When Carlos Boozer is on the competition floor and play is stopped and an official has the ball, the Utah Jazz's power forward seemingly has to handle the ball — give it a little squeeze, turn it over in his hands — nearly every time before the game can go on.

Referees just automatically hand the ball to him before players from either team shoot free throws or before play resumes, except on timing-sensitive inbounds plays.

"Oh, it's become one of the habits I do since coming into the league," said Boozer. "Just want to touch the ball."

He showed a playful smile and winked and added, "As big guys, we don't get to touch the ball as much as the guards do, so when we get an opportunity to touch the ball, we want to touch it."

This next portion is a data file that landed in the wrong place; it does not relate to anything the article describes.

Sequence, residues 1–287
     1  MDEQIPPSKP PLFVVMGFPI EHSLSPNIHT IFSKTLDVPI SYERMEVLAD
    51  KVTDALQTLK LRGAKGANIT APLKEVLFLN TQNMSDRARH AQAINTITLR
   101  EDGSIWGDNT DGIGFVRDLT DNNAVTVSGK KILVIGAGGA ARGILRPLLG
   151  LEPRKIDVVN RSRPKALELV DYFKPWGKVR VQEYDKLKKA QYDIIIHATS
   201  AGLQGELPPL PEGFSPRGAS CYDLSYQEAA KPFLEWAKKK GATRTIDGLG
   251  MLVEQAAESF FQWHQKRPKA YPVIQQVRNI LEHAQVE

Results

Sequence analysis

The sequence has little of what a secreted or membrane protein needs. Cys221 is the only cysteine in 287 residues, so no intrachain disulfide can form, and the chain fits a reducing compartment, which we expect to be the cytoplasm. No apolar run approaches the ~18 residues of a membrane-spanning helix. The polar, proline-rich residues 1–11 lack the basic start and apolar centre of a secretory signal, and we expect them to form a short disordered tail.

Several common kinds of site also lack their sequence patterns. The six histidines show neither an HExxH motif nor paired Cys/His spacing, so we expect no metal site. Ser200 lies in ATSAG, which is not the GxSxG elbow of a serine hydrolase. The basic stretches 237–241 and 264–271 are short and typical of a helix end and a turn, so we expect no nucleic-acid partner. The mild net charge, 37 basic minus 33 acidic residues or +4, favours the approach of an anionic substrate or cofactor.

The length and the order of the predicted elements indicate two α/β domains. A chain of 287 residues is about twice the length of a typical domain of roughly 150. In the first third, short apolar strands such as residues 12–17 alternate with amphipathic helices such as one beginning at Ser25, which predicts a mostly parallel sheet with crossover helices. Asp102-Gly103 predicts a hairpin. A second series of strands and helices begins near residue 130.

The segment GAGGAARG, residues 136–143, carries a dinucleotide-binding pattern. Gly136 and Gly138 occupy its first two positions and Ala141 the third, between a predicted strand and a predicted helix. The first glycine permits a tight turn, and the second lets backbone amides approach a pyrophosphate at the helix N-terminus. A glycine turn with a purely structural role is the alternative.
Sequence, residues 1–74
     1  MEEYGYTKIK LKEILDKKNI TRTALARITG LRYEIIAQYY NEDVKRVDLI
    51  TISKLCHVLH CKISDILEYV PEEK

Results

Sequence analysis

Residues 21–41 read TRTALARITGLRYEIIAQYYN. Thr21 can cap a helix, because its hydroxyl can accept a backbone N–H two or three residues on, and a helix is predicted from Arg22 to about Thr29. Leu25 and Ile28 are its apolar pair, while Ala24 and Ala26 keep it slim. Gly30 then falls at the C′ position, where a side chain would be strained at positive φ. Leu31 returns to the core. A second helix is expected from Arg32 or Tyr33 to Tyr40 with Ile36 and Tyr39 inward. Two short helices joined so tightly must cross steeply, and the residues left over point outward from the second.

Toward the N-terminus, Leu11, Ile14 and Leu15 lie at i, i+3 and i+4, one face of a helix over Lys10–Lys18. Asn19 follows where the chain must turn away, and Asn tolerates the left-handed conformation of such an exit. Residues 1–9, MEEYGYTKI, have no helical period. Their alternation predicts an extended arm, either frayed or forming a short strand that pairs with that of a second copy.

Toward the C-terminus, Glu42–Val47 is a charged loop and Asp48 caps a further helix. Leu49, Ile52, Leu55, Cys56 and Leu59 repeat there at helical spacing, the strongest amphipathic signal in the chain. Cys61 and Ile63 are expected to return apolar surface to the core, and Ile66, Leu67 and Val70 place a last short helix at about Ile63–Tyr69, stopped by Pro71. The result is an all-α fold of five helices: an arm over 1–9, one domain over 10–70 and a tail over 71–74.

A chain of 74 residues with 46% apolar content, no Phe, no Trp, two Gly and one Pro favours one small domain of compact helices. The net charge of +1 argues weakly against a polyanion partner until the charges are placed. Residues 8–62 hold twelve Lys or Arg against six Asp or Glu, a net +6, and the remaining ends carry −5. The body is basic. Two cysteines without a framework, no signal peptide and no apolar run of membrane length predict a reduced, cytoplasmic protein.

On defense, he has another motive. "Sometimes I'm hoping that it will jinx the other player to miss the free throw, but it doesn't work as often as I'd like in this postseason," Boozer said playfully.

It seems officials would have enough to think about without having to remember to give Boozer the ball after each free throw as he stands there waiting to try to rebound, but Boozer said it's easy to get them to do it.

"I'm polite. Very polite guy," he said.

He even got refs to hand him the ball when he was a kid "Oh, yeah. Yeah, I'm a nice guy, Boozer said, though he doesn't remember exactly when he started his ritual.

Sometimes other players may want to do the same thing. Matt Harpring often wants to touch the ball when he first comes into the game off the bench. Often he shoots a shot before time resumes. Sometimes players from other teams like to touch the ball, too.

"Sometimes, yeah," Boozer said, "and I wait for them to get the ball, and then it will be my turn after that."

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